Now as for dreams I remember in fourth grade I had a crush on a fifth grade boy and every night I would tell myself that I was going to meet him behind the school and he would kiss me before I went to sleep. Then I would dream it. Every night for weeks. He never knew and I never told. Forty years later I see him sitting beside his wife in church and I think I am so lucky to have my guy instead of him. Oh, and I feel kind of sorry for him too because his wife is mean and I am way cuter!
    Blessings my friend.

    • That gave me a good laugh, thank you. Would be great to control dreams, I can think of a few I would be happy to repeat night after night!

      I’m glad you feel a connection to my writing. It takes so much time with the voice recognition but that makes it worthwhile. Thank you for letting me know.

      And I’m sure you are cuter!!

  5. Dreams have been a large part of my recovery, they are indeed a window to ourselves.
    What I’ve learned is dreams are our subconscious trying to process emotion & memory on another level than we can in our conscious state. Very fascinating subject!

    I love the quote you used at the end of your post, Steven. It’s always been a favorite of mine.

    • They do fascinate me. In a way, I’m glad we don’t understand them. There is such a thing as too much knowledge and I’m happy having dreams left as a mystery. How do you use them to help with your recovery if you don’t mind me asking?

      • That’s a good point, Steven -‘such a thing as too much knowledge”. Some mystery is probably very good for us!

        As for them helping my recovery, I don’t mind you asking 😉 Thanks for being so considerate.

        There was one main way I’d say they’ve really helped me, though in the throes of it all I couldn’t really recognize it as ‘help’ sometimes. My most difficult memories began resurfacing through dreams/nightmares. I believe my subconscious figured out that was safer than the flashbacks I was having and made it more tolerable to process.

        Non-trauma dreams probably have a different function than this, but for me I really believe they were instrumental in healing.

      • It is interesting that you found the more difficult/traumatic dreams to be the ones that helped you, that allowed you to process them subconsciously. I was purely thinking about the happy dreams with the good memories, never considered the benefits of facing fears through dreams. Really interesting, thanks

      • Perspectives… I guess I still default to the dark world I lived in for so long. Happy dreams are like cotton candy to me -they don’t really stick as much. Perhaps one day soon they’ll be the ones I am trying to figure out! 😉
        Thanks for making me think a bit differently again, Steven.

  6. prayingforoneday

    Sometimes a dream can remind us what we once had, so enjoy the dreams mate.
    I can only imagine how hard shit must be buddy, but take these moments, Savour them.
    I can only share on my level mate, and I hope it is ok to do so. http://prayingforoneday.wordpress.com/2013/06/09/i-have-this-dream-every-night-i-go-back-in-time/
    In these dreams I can walk, run, play football. So I love dreaming, When I awaken sometimes it takes me a while to realise what is real, what is the dream, you know..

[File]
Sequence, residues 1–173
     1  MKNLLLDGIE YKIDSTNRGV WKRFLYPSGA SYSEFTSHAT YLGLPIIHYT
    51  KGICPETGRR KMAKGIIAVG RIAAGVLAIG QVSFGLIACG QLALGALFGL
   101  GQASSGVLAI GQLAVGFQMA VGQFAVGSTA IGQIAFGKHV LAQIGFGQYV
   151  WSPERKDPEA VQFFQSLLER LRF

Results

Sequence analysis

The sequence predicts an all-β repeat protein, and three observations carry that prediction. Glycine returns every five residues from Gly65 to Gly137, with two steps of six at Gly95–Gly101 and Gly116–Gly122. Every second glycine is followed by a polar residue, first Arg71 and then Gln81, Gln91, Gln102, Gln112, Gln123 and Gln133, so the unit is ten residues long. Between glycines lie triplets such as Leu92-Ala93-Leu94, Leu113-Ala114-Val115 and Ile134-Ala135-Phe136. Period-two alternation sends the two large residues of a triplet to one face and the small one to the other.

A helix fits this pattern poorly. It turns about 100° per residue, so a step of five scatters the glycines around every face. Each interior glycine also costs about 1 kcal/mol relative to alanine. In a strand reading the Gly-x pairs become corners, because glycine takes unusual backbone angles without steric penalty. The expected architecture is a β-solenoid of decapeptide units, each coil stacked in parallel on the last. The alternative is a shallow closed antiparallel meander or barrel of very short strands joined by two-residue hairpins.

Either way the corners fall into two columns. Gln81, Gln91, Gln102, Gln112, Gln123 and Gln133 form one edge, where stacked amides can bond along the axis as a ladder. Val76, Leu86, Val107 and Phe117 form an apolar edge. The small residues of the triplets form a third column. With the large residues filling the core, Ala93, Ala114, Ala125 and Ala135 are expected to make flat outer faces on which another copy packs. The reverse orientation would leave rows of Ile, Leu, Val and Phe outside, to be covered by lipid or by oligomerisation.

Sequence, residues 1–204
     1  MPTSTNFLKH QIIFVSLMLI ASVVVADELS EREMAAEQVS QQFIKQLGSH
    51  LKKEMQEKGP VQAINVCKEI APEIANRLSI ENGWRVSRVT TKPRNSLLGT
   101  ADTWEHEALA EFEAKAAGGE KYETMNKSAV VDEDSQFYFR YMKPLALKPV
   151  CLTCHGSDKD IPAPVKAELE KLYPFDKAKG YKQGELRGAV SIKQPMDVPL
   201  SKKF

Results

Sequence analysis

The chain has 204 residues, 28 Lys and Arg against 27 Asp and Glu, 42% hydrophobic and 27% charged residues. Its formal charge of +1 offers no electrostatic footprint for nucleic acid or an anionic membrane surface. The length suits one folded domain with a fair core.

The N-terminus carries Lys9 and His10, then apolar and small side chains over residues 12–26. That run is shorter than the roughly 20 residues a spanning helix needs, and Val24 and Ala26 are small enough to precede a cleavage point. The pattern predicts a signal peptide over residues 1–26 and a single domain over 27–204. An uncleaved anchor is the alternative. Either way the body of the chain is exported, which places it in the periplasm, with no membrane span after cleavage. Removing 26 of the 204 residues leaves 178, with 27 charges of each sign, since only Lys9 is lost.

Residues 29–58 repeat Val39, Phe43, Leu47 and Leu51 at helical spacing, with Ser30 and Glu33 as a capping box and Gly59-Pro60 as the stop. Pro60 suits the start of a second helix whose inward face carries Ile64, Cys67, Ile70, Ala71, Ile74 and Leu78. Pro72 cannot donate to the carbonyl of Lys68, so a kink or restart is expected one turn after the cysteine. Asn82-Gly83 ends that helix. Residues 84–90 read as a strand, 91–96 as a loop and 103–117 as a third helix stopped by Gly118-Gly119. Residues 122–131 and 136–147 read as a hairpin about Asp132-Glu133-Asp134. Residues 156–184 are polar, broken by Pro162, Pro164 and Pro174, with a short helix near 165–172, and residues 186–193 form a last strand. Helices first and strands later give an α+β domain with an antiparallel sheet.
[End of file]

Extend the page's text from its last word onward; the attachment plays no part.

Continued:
Dreams are an interesting topic, some are so strange, but being on medication, so is life, lol..

    Good blog. Get your thoughts out there.
    In a very small way, your blog is similar to my blog there, and other blogs I have read.


    • They can be a great way of enjoying experiences without the constraints that our disabilities place on as. As I said though, bittersweet. That moment when you realise you weren’t really playing football can be a downer but you are right, take the moments and savour them.

      Regarding medication, I find certain drugs (particularly morphine-based) can bring on loopy dreams. Those ones that you just can’t put any logic behind. Sometimes you just have to laugh at them.

      Glad you seem to be keeping well buddy

      • prayingforoneday

        Yeah agreed, bittersweet but enjoy the moment. For you the moment in Dream must me something…
        And Morphine, I got a broken bone in my knee just now so got to take it, but once a day if i’m lucky,, hate it. And yup, Laughter, we got to bud, find the humour of it all…

        And I have always been well bud, seriously…You only got to know me in a place where kids were being kids… lol. Here, you get the real me. Again, delighted you are sharing and caring in here matey. Proud of my Bhoy.


  7. They say we experience huge shifts every 7 years. I remembered that it took that long after my youngest was born for her to be included in my dreams. I always dreamt of my eldest daughter before then. As to your present dreams, if you dream of walking and running you spirit can soar unhindered, at least for a short time. I would suggest that you listen to music with headphones on and imagine the same as you dream – if for no other reason that to enjoy a sense of escape and freedom. We all need it. I always dream of singing and playing the piano – and for an hour or two I can forget that I work too hard, or that I’m getting old or that I can’t actually sing a note……good old soul food!

    • That is interesting. I am six years since the accident so maybe I will have a shift in the format of my dreams soon. I do enjoy them, at the time. It’s when I wake and reality clicks back in that I question whether or not it is worth the disappointment. I reckon it is, got to keep those memories alive.

  8. thank you for writing this. I am in tears. you make me want to live better than I have been, and fight harder against depression. you are such an amazing person. your kindness and sincerity shines through your words. God bless you.

    love, Emma

    • Most sincere thank you Emma, that genuinely does mean a lot. I will pop by a check up on your blog soon X

  9. You are not alone on the wandering off for solitude. Sometimes my brain cramps and I struggle to force myself to interact in small ways. I am glad you have those dreams. Maybe some day your body will merge with your subconscious and re-accept your dream truth.


    We’re supposed to have ups and downs. Our lives are a heartbeat. Up, down, up, down. Tha-thump, tha-thump. If that stopped we’d be gone. Ride the tide, my friend.

    • This is really strange. Since that post I can’t remember having any dreams. I was thinking about it the other day, surely coincidental.

      • I was reading this article the other day about how dreaming is important for our health. If we don’t dream for awhile we need to remember to “daydream”, meditate, or spend time imagining in the meantime. Give yourself permission for a half hour of solid brain-zen time. Yeah? I psyched myself out last week. Got my dreams back!